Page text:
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The Antitrust Absurdity


The Federal Trade Commission has aimed its antitrust cannon at Intel Corp., maker of the microprocessor used in 90 percent of personal computers. The FTC charges Intel with refusing to provide information about its chips to certain computer makers with which it has legal disputes. At first, it may look as though Intel’s “offense” is its discrimination against those computer makers. (Why should that be the government’s business?) But that is not really what’s at issue. If Intel were an insignificant maker of computer chips, hardly anyone would care that it refused to release technical information.

The reason that someone does care is that Intel is very successful at what it does. People like its products enough to give it an overwhelming share of the market. Intel is the other half of the Microsoft Windows, or Wintel, standard. Antitrust creates a dual legal system in the United States: one for the very successful and one for everyone else. In this respect at least, the rule of law is kaput. “Equal justice for all” is an inoperable slogan at the FTC and the Antitrust Division. If Intel and Microsoft are eventually crushed by the federal government, it will be a big day for the lawyers in those agencies. But it will be a sad day indeed for the rest of us, even for the companies egging the government on, because the principles it will have helped cement in place could well come back to haunt them someday.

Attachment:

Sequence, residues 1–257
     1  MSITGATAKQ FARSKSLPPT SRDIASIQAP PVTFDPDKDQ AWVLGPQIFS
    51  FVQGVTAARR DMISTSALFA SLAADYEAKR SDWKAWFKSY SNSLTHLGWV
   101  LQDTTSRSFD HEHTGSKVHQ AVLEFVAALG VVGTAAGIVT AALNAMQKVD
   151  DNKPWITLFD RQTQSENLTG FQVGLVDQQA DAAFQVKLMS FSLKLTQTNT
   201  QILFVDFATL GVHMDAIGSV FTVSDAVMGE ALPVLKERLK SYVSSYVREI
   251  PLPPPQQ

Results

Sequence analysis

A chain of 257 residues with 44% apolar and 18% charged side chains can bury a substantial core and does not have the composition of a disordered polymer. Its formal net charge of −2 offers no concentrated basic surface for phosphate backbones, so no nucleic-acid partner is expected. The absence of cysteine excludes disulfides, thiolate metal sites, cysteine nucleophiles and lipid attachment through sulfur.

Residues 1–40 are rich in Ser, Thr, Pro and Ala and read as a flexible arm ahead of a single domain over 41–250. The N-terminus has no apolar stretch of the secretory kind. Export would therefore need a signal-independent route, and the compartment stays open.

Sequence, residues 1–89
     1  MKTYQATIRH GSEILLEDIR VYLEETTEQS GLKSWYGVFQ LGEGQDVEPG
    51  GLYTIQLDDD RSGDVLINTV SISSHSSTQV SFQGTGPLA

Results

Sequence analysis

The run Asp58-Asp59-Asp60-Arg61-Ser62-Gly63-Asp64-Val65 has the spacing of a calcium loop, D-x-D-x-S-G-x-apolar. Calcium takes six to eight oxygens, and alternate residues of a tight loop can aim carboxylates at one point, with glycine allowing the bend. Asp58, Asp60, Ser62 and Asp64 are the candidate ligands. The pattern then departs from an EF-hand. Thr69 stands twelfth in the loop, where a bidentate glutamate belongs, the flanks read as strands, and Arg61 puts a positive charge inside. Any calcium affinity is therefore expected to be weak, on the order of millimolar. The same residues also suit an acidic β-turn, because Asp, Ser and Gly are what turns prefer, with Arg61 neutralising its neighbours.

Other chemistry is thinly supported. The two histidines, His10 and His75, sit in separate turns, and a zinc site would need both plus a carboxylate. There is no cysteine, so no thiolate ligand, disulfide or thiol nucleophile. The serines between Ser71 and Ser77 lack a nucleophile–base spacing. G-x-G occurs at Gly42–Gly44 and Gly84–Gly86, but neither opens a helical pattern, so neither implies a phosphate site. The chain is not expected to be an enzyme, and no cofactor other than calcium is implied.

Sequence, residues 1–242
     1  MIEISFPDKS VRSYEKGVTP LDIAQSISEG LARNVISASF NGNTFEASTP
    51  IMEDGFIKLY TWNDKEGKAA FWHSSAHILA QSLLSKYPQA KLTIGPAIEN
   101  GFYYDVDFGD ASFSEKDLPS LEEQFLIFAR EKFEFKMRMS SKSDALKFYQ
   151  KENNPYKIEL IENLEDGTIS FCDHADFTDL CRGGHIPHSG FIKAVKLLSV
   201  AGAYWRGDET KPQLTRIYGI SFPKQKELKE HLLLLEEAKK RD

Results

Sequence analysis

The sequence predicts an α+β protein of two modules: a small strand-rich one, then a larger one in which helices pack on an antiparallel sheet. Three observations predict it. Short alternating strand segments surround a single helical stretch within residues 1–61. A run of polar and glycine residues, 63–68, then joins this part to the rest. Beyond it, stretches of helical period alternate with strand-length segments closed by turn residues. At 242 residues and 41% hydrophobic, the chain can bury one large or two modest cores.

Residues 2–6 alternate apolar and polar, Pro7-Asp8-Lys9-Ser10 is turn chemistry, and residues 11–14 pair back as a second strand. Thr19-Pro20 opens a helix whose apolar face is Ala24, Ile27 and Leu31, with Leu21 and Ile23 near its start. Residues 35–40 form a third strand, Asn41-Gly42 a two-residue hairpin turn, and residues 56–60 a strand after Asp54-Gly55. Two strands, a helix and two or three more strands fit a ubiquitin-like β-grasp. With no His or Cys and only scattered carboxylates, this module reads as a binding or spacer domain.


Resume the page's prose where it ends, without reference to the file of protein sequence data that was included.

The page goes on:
Antitrust law is founded on a host of silly ideas. But one of the silliest is that government officials can foretell the future. In the world occupied by antitrust lawyers, Intel and Microsoft are threats because they can use their market power to squash competition that would threaten their dominance. But there is no way to make that prediction without knowing what new ideas imaginative people will think up tomorrow or the next day or next year. And no one can know that.

Try telling Christopher Galvin that the future is predictable. Galvin is CEO of Motorola. Just a short time ago, Motorola was on top of the high-tech world. It made most of the wireless telephones. It was a top manufacturer of memory chips. It was the king of pagers. Today the company is fighting for its life. Galvin has been given a deadline for turning the company around. If he misses it, he’ll be history.

What happened? The world changed. First, the wireless-telephone market began shifting from analog to digital technology. Digital telephony permits clearer, more secure wireless communications. But big Motorola missed the change! While QualComm, Ericsson, and other companies were bringing out new digital telephones, Motorola was still making analog phones. Now it’s playing catch-up.

What’s the lesson here? No market leader can rest on its laurels. New ideas are always coming along, and consumers are fickle. As the old Sinatra song “That’s Life” had it, you can be “riding high in April, shot down in May.” No one can predict what someone will discover tomorrow or how we will react to it. Some unforeseen discovery could come out of left field and dethrone a company that just yesterday looked as secure as anything could be.